Fitting tribute

Rob Dawber - An injury to one is an injury to all - Workers' Liberty, 2002, pp28, £1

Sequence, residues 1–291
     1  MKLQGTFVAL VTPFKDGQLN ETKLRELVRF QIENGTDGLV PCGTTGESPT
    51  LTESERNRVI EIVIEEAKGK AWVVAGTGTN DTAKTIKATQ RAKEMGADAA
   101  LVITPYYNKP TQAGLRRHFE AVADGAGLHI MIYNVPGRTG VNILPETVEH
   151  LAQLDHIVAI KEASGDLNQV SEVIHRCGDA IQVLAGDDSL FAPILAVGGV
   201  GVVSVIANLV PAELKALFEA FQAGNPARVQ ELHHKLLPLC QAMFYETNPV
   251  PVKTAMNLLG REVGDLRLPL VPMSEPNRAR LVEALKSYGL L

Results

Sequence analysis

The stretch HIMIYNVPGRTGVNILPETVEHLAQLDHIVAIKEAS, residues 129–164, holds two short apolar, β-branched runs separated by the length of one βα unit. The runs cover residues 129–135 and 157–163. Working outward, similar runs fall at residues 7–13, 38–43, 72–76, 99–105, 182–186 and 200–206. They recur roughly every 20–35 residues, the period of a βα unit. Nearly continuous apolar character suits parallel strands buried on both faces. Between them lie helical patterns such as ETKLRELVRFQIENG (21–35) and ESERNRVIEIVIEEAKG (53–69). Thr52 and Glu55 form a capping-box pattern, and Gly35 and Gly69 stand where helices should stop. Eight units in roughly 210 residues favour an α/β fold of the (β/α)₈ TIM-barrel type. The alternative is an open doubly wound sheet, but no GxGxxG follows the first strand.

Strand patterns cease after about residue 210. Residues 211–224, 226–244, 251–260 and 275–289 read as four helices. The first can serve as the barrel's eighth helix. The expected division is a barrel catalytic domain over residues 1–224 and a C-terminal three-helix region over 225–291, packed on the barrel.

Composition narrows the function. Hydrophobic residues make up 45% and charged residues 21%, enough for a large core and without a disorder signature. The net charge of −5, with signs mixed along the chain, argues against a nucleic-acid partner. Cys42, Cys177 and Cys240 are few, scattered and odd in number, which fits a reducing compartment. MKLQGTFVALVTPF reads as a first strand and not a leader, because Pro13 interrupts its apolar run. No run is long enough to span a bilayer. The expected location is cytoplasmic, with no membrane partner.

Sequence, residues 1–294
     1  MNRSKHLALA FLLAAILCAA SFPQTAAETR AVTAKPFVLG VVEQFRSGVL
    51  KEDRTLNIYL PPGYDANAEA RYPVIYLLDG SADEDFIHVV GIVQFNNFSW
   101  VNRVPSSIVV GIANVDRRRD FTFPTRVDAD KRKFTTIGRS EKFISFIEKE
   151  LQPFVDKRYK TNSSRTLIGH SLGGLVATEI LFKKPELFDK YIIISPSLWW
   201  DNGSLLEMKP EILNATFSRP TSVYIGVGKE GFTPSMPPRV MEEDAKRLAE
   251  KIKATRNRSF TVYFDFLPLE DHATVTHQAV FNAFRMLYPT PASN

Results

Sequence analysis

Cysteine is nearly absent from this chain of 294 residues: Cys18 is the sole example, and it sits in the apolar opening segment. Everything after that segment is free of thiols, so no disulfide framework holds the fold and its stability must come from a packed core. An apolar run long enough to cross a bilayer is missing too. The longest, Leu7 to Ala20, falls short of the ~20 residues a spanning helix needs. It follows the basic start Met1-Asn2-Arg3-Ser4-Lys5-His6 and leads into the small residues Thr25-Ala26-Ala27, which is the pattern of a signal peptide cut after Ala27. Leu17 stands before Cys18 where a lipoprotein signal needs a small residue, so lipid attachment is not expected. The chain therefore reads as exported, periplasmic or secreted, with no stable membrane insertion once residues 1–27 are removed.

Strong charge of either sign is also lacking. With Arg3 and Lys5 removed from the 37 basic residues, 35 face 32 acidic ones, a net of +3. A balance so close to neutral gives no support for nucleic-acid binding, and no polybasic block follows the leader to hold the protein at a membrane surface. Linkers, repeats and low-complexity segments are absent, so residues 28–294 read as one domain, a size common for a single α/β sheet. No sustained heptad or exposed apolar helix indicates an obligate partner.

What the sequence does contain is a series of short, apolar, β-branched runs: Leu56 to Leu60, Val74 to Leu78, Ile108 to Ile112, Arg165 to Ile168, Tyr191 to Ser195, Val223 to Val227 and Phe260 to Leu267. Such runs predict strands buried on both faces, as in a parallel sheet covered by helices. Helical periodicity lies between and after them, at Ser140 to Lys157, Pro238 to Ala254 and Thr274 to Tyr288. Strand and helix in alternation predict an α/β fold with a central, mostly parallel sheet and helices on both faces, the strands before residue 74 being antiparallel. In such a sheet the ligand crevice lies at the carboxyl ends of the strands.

Rob Dawber, a member of the Alliance for Workers' Liberty and an RMT activist, lost his struggle against mesothelioma in February last year. He was killed by the greed of the capitalist system: his employers deliberately ignored the safety risks of working with the asbestos which caused his condition. Comrade Dawber experienced the wretched working conditions in what some regard as the 'golden age' of British Rail. As we are reminded in Sean Matgamna's introduction, "working for railways under British Rail was no picnic" (p3). Indeed, it was the working conditions under BR that cost Rob his life. Though BR's chief medical officer said as far back as 1973 that exposure to white asbestos could cause mesothelioma, supervisors were still insisting that it was "safe" a decade later. Rob was a tireless campaigner against privatisation. The Socialist Alliance carries on the fight for a rail network under the democratic control of workers and passengers - an idea that "Rob fought for all his life" (p3). The pamphlet opens with a selection of comrade Dawber's writings for the numerous rank and file bulletins produced by Socialist Organiser (the AWL's antecedents) for railworkers. These bulletins were used to attempt to organise rank-and-file railworkers in various struggles: from solidarity with the miners to the fight against privatisation. Here are some lessons that are particularly apposite as we move towards our first alliance trade union conference on March 16. Ritualistic denunciations of the union bureaucracy have often formed the staple of the propaganda and 'agitation' of left groups in the unions. However, as Dawber points out, "Denouncing the leadership, condemning their failings, exposing their machinations and manoeuvrings is necessary but easy enough. We must instead begin to take control" (p13). Failure to do so gives the union bureaucracy the breathing space to commit the treachery it finds natural. We have seen in the past how the leaders of the RMT have been all too willing to compromise instead of taking forwards the struggles of the rank and file. And they will do so again. Though we may critically support the likes of Bob Crow, the importance of rank-and-file organisation is not diminished but enhanced. We must make sure that such leadership delivers on its promises and only support it to the extent that it acts in the interests of the membership. Extracts from a serialised article written by comrade Dawber on Jesus are a welcome inclusion. Though unfortunately only the beginning and end are included. As such they fit together awkwardly. More would have been appreciated, though I am sure that the AWL will receive requests for the full article. Comrade Dawber's own reports on his fight for compensation and the production of the acclaimed film, The Navigators, round the pamphlet off. After a court case that lasted three of the eight days allocated Rob was awarded £450,000. Seemingly a large amount of money until you remember the final price he paid. Following on from his victory, he set to work on writing The Navigators. Produced by Ken Loach, the film follows a group of track workers through the travails of privatisation. As the scriptwriter, comrade Dawber was able to effectively translate his experience from real life onto the screen. Unsurprisingly, Rob was intimately involved in the production process as a technical adviser, though this was not the full extent of his involvement: he played a small part in the film as an extra. Part of the script for this episode is included in the pamphlet - comrade Dawber's humanity and compassion is visible through the dry humour of this section. Rob Dawber fought tenaciously for the working class cause to the end. This pamphlet is a contribution to that cause and in that it is a fitting tribute. Derek Goodliffe